So, lets start with the most popular theory which is that if a women had made a good enough film it would have been selected and since none of us saw all of the films submitted, it’s an impossible theory to refute. Still one only needs to view Cate Shortland’s new film, (not selected) Lore beside Walter Salles’s film On the Road (selected) to throw that theory into serious doubt. Of course there are many more men out there making films and as Tropfest founder John Polson once said, when I took him to task for the paucity of female finalist in Tropfest. He said the numbers were commiserate with the numbers that submitted films. So perhaps it is simply the case of hugely disproportionate numbers of male to female filmmakers and we should accept that most women seeking a career in the arts (because we surely agree that there is no disproportion of creativity between sexes) aren’t interested in being filmmakers and instead of worrying that the only way they’ll get to Cannes is on the arm of Prince Charming or that we won’t leave behind a film making heritage for the next generation, we should just have another cup of tea and a good lie down.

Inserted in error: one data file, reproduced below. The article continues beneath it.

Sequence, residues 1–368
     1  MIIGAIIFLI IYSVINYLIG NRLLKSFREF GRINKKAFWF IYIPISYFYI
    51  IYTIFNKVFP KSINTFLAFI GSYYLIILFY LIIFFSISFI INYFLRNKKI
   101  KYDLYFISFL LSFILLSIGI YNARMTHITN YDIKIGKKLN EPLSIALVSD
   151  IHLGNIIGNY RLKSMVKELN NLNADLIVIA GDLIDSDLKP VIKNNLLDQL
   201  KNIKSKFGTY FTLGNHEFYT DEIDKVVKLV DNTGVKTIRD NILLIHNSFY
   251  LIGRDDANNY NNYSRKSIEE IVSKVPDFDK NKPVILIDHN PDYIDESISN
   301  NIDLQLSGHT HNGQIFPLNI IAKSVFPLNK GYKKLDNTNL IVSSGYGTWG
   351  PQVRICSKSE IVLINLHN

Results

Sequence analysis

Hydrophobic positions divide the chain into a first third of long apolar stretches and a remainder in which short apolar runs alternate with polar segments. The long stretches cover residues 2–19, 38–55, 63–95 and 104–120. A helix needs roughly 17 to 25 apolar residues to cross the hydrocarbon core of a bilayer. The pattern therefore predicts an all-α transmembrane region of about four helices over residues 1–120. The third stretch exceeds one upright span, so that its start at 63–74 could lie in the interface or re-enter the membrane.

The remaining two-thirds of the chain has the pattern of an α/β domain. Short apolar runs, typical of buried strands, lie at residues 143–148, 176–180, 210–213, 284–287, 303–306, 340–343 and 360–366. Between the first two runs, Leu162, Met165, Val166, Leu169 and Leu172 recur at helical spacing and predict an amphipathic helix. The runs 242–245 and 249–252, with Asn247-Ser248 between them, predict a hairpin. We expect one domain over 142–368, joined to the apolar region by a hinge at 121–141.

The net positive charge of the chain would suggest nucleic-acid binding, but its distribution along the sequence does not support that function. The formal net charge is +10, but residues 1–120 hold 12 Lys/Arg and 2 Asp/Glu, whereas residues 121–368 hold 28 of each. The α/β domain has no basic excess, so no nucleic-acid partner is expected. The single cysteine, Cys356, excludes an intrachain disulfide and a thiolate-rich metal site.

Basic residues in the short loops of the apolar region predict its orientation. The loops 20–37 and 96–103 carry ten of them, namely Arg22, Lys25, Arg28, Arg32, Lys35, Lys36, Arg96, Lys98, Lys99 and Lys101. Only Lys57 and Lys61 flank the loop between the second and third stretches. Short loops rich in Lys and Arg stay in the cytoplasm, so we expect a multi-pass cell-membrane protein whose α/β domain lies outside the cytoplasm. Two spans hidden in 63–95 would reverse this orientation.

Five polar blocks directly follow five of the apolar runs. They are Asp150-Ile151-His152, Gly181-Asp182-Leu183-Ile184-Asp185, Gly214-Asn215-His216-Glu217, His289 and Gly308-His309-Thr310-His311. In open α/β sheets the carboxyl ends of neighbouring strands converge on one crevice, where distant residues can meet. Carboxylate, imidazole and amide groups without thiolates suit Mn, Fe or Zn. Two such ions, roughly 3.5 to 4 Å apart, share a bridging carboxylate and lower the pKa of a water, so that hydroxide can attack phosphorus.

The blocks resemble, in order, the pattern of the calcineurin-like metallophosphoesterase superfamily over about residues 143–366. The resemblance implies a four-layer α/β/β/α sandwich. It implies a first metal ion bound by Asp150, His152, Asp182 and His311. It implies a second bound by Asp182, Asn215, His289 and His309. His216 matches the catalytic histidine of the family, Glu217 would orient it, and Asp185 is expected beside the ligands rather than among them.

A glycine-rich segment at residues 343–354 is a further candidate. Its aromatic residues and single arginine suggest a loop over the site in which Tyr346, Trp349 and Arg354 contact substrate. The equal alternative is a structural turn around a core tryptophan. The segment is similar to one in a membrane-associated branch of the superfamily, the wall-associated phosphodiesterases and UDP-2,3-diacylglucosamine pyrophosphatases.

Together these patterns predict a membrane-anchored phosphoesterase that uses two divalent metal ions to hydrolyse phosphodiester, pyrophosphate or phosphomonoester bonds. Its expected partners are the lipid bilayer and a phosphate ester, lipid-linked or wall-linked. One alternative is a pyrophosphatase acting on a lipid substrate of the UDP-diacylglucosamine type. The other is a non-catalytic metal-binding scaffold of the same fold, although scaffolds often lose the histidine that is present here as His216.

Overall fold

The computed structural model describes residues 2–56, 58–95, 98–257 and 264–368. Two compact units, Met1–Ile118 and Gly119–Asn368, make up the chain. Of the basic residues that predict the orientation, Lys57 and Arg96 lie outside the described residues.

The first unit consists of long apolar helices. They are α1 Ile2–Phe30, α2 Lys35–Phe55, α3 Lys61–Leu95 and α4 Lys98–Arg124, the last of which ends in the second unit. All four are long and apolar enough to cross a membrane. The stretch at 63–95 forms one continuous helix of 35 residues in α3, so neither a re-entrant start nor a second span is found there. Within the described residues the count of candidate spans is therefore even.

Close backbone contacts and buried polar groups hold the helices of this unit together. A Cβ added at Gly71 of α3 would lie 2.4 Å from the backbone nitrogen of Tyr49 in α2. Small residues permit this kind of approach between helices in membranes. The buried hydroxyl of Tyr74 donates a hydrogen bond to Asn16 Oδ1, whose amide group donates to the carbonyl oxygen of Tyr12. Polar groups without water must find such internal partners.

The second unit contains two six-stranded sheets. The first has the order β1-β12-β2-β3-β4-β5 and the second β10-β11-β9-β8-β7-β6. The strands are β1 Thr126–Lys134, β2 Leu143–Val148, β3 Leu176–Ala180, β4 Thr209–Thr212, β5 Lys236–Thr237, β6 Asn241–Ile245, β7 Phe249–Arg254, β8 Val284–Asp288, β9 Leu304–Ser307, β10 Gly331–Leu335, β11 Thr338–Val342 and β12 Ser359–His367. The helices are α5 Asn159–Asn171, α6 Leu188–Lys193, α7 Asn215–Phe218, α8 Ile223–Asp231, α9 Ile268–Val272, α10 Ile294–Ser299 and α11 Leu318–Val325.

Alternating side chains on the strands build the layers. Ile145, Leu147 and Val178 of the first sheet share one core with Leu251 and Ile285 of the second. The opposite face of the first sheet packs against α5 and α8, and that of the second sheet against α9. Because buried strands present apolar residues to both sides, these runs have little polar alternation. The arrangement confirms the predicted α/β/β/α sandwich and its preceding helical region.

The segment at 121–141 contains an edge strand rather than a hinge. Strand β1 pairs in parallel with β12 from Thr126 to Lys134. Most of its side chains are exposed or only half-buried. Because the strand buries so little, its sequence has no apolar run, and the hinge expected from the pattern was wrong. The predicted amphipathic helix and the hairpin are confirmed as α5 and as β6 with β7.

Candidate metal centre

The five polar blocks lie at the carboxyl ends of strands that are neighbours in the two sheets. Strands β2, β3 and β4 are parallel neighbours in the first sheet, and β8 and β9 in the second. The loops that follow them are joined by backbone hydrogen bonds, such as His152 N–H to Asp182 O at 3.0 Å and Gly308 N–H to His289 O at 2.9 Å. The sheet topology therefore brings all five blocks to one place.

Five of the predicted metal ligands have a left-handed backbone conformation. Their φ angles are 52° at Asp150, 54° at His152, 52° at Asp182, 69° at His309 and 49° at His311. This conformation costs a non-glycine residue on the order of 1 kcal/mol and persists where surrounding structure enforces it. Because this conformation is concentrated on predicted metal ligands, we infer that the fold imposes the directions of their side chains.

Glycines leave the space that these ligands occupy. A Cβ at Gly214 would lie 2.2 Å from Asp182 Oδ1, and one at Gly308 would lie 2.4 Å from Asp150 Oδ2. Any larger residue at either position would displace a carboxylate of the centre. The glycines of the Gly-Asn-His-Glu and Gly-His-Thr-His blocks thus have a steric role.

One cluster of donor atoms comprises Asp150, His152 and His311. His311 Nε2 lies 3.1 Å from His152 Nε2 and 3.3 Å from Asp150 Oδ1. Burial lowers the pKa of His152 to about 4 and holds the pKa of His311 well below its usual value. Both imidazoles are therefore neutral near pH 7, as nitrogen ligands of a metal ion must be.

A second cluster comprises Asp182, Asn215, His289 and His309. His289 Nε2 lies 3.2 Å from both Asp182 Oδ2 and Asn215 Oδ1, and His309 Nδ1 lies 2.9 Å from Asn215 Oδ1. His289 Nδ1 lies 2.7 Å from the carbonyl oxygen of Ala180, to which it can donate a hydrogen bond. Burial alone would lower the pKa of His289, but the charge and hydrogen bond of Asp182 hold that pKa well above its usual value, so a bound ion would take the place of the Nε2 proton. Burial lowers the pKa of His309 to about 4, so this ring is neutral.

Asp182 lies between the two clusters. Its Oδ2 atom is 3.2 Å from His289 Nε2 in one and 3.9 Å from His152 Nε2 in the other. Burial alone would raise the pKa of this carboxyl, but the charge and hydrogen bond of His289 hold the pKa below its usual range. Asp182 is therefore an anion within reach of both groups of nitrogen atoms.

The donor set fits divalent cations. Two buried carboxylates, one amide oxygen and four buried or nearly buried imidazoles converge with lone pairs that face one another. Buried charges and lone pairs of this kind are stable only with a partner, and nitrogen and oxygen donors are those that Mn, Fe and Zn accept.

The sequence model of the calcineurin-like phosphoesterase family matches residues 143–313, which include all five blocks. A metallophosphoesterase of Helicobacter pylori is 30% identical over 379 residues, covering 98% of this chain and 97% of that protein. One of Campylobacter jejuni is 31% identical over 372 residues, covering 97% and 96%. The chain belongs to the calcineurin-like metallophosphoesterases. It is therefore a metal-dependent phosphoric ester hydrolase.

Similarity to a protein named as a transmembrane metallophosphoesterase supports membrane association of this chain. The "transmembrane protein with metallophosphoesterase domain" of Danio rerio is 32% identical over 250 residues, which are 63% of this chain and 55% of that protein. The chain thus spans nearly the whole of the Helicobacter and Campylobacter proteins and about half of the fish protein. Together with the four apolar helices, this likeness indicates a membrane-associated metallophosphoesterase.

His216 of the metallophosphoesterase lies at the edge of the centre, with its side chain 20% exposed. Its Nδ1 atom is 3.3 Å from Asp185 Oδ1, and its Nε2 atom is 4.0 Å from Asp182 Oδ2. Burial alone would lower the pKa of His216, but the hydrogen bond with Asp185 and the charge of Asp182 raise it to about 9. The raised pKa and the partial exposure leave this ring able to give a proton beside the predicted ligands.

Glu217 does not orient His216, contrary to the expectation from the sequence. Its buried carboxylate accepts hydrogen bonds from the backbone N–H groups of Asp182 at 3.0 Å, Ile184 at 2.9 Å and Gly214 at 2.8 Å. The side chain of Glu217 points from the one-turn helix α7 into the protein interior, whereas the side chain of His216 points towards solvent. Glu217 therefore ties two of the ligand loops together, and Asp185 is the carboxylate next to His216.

Well I’ve had my lie down and, really, I’d like to change the subject, but some things still have me a bit baffled.
- Why does the number of women going to film schools nearly equal that of men if women are so disinterested in being filmmakers?
- Why is it that anyone who has been lucky enough to make a film will tell you, as I would, that it is the most exciting, most influential, most frustrating position they could dream of being in but that they would give their eye teeth to do it again and again.
- Why is it then that only 5% of working directors in Hollywood are women?
- Why has the Cannes festival steering committee had only male presidents since its inception.